Puppy trafficking: Newtownabbey man speaks out over illegal dog breeders after puppy death
A Newtownabbey man has spoken of his anger after finding out a puppy, that died shortly after he bought it, had come from an illegal puppy farm.
Sammy Bremner said the dog, that he bought in a car park, died a few days after he took it home.
The USPCA said the illegal cross-border trafficking of dogs is a major issue.
It has launched a campaign to warn the public over the growing trade in puppies by illegal breeders.
The organisation has published guidelines for new owners to guard against buying dogs from illegal sources.
Mr Bremner said that the Pomeranian puppy's death had "really angered" and upset him.
He said it was younger than the seller told him and had signs of mistreatment.
"The wee thing had suffered and was taken away from its mother long before it was due to be taken away all because these boys wanted to make a quick buck."
He said that his sister had organised the purchase of the puppy after seeing it advertised online.
Mr Bremner said he spoke to the seller, who said he was based in Letterkenny, County Donegal, and was prepared to drive there to collect the dog.
However, the seller told him his brother could meet him in Magherafelt, County Londonderry, with the puppy.
They arranged to meet at a car park near the town.
Mr Bremner said: "When he arrived, he has this wee sort of ball of fluff in his hands.
"I thought it was dead at first, and said there's something wrong with it.
"It was all wet down it's front and didn't look well.
"But the man said it's just been sick in the car and that it was a wee bit dehydrated.
"I asked him how old the dog was and he said nine weeks. He also said the dog hadn't been checked by a vet yet."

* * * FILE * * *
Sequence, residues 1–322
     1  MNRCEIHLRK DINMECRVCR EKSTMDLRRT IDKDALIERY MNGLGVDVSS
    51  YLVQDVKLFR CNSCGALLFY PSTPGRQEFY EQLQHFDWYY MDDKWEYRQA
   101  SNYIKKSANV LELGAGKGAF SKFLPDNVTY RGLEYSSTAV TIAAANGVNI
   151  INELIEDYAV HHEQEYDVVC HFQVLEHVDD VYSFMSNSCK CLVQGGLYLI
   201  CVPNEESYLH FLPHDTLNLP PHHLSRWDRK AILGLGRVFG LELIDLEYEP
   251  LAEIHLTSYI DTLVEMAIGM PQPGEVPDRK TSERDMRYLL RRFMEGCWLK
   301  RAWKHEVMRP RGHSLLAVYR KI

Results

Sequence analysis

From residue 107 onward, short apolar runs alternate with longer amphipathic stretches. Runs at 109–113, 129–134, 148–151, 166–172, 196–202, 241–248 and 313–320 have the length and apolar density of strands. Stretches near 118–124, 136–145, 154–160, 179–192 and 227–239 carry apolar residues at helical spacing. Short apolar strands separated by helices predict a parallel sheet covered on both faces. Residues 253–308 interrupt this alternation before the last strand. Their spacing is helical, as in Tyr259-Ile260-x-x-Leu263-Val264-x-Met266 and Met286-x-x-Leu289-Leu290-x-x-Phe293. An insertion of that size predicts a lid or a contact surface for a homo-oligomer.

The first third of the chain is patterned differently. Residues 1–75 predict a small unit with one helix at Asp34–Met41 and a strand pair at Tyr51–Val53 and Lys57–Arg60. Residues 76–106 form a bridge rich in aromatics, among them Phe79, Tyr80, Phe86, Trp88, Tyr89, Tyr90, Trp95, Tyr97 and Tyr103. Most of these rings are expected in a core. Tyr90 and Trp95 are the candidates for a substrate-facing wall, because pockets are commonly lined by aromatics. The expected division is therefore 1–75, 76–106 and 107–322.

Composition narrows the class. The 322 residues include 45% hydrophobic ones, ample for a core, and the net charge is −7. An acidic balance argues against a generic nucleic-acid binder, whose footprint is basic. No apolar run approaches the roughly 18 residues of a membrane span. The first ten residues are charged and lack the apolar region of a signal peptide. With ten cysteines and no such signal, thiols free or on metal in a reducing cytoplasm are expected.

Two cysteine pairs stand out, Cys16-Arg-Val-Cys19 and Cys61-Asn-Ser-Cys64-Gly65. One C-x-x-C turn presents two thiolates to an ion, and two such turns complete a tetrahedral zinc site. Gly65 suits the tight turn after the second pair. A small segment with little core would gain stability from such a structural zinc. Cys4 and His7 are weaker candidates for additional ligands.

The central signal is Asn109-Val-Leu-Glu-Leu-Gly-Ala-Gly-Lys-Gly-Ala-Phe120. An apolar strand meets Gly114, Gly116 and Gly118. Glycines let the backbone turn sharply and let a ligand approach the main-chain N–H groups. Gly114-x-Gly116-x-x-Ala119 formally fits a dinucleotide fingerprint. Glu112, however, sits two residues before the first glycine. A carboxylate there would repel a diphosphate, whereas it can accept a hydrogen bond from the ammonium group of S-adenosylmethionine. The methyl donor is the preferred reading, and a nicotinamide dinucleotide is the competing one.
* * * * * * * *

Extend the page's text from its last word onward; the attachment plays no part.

Mr Bremner paid £245 for the puppy and said the man told him he could have got £800 if he "went over to England".
He took the dog back to his sister, but two days later the puppy became extremely ill.
"The vet told us the dog was only five weeks old and should still be with its mother," he said.
"She also said it looked like it hadn't been treated very well, that it was very dehydrated and very skinny."
Mr Bremner said the dog rallied over the next couple of days but soon became ill again.
"My sister rang me and said the puppy was dying," he said. "She had the puppy on a pillow on her lap and she was stroking it and talking to it.
"Half an hour later it lifted it's wee head and started howling.
"I ended up crying and anger was building up in me.
"Then its howling started getting lower and lower and the head fell down and it was gone."
Colleen Dowdall, from the USPCA, said that puppy trafficking and illegal breeding were growing problems.
"Designer puppies are changing hands for hundreds of pounds out of car boots in car parks and lay-bys all over the country."
She added that there was "little or no thought given to how they were bred, what vaccinations they have or the consequences of buying a sick dog".
"Many of these puppies are bred in the Republic of Ireland and are trafficked to Northern Ireland and on to Scotland.
"At our animal hospital in Newry, our vets see too many sad cases of distraught families with puppies they love come in with disease or genetic abnormalities that cannot be cured.
"Owners have to be responsible and take some very obvious steps to ensure the health of their puppy and the safety of their family."